“We can break our own business into two broad categories – those that will grow incrementally and those that will grow exponentially,” says Herbst. “Our traditional incremental volume business is growing in a more predictable way. Here we can focus on expanding in a controlled way and on enhancing earnings through scale and efficiencies. But the exponential businesses are evolving in ways that are more unpredictable.”
Herbst says that the challenge lies in the reality that investing in the technologies of the future is expensive and the returns are uncertain. Often, the channel skills and ecosystem to support them do not yet exist. One needs to invest in rare skills and be patient and courageous.
What’s more, the channels to sell new technologies may not exist yet – for example, traditional IT resellers might not have the skills to sell IoT devices into vertical markets such as healthcare and transport. At the same time, there could be potential to work with new sorts of channel partners, for example, security companies or care companies.
This was the case when companies first started dabbling in the cloud in 2011 or so, before growth accelerated three or four years later, says Herbst. The investments paid off, but they needed to be nurtured. “You’re making a bet on new technologies and new channels to market,” Herbst says. “Companies that don’t do so face being left behind as the market changes.”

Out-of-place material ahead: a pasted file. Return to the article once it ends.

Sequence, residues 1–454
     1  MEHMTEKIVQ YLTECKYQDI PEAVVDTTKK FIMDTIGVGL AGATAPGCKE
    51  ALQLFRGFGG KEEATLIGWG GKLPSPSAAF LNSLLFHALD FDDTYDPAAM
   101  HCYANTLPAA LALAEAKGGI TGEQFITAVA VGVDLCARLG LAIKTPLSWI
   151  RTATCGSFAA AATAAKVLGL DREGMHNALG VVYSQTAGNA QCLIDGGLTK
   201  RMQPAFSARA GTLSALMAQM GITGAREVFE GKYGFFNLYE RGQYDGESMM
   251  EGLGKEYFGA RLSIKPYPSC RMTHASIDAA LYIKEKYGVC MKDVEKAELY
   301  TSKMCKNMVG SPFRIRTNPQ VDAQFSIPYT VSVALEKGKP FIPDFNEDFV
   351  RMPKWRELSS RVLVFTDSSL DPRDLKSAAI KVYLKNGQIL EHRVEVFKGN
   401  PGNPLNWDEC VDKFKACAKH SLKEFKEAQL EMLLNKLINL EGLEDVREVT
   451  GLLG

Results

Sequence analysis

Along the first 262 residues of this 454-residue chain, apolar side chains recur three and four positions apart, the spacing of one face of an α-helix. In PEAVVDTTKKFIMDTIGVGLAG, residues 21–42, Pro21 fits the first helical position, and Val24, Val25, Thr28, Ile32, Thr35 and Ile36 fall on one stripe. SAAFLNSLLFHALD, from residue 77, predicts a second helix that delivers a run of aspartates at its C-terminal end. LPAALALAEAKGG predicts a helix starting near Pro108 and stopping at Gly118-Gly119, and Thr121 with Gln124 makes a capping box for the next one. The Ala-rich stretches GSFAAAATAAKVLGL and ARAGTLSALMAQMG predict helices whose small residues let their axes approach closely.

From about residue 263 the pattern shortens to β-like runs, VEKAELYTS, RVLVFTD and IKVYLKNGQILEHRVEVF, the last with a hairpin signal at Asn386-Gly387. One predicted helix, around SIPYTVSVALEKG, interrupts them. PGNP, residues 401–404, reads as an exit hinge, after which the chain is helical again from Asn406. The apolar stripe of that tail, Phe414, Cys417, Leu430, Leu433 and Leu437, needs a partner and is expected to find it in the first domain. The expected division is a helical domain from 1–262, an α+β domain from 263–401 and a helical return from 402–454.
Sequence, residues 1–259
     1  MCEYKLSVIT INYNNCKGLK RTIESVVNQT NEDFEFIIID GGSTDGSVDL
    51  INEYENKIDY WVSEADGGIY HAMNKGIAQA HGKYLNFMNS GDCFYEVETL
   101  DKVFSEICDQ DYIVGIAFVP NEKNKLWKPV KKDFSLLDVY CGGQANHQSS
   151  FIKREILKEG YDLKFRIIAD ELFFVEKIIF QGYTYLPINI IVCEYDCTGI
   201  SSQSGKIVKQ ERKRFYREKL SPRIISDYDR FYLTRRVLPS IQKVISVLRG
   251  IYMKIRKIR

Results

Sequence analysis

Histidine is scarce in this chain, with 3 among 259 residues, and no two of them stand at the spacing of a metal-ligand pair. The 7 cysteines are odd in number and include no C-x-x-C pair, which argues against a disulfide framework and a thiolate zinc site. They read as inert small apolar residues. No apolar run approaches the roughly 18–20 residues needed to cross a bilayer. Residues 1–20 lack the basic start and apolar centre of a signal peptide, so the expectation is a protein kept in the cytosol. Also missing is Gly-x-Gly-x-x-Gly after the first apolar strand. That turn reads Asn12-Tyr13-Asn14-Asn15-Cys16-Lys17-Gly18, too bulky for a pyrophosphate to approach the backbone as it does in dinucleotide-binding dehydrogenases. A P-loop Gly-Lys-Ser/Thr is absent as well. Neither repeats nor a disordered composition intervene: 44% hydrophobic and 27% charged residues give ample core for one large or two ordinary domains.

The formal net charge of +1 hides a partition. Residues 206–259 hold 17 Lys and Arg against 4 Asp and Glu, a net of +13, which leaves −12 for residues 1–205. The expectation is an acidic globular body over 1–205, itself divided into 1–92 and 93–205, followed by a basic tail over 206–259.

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About Us

Tarsus Technology Group (TTG), formerly MB Technologies (MBT), has been one of the leaders in Southern African technology landscape since 1985. TTG offers its customers the highest quality products, solutions and professional services including supply chain optimisation, cloud-based solutions, IT security services, compliant disposal of IT goods and electronic goods.

Group companies include Tarsus Distribution, Tarsus SecureData, Tarsus On Demand, Tarsus Emerging Markets, Tarsus Dispose-IT, Printacom and GAAP.

The Group aims to add value not only to its customers but to its larger community and stakeholders. It focusses on being a useful and productive corporate citizen through its flexibility, adaptability, expert customer and technology insight, skill-sets, successful track record and an ongoing and unwavering commitment to the channel model.

TTG is majority black-owned and more than 30% black women-owned and is currently undergoing a BBBEE audit with a projected level 4 as measured under the new ICT Charter.

Tarsus Technology Group’s head office is situated in Johannesburg with branches in the Western Cape, KwaZulu-Natal, Eastern Cape, Mpumalanga and the Free State. TTG has an African footprint with branches in Namibia, Botswana, and with representation in Zambia, Zimbabwe, Malawi and Mozambique.

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Miles Crisp, Tarsus Technology Group CEO

Anton Herbst, Head of Strategy at Tarsus Technology Group

Gary Pickford, CEO: Tarsus Distribution

Mike Rogers, CEO: Tarsus SecureData